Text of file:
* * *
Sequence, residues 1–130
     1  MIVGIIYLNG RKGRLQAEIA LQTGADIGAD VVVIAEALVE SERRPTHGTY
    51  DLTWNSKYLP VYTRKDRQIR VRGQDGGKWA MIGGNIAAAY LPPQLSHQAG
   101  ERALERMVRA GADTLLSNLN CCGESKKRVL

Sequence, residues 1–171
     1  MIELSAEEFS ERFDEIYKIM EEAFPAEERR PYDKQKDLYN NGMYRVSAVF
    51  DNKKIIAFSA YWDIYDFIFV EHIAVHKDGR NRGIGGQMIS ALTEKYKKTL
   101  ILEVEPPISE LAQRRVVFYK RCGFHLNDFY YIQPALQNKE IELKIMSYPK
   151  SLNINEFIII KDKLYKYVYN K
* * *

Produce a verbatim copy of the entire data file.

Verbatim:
Sequence, residues 1–130
     1  MIVGIIYLNG RKGRLQAEIA LQTGADIGAD VVVIAEALVE SERRPTHGTY
    51  DLTWNSKYLP VYTRKDRQIR VRGQDGGKWA MIGGNIAAAY LPPQLSHQAG
   101  ERALERMVRA GADTLLSNLN CCGESKKRVL

Sequence, residues 1–171
     1  MIELSAEEFS ERFDEIYKIM EEAFPAEERR PYDKQKDLYN NGMYRVSAVF
    51  DNKKIIAFSA YWDIYDFIFV EHIAVHKDGR NRGIGGQMIS ALTEKYKKTL
   101  ILEVEPPISE LAQRRVVFYK RCGFHLNDFY YIQPALQNKE IELKIMSYPK
   151  SLNINEFIII KDKLYKYVYN K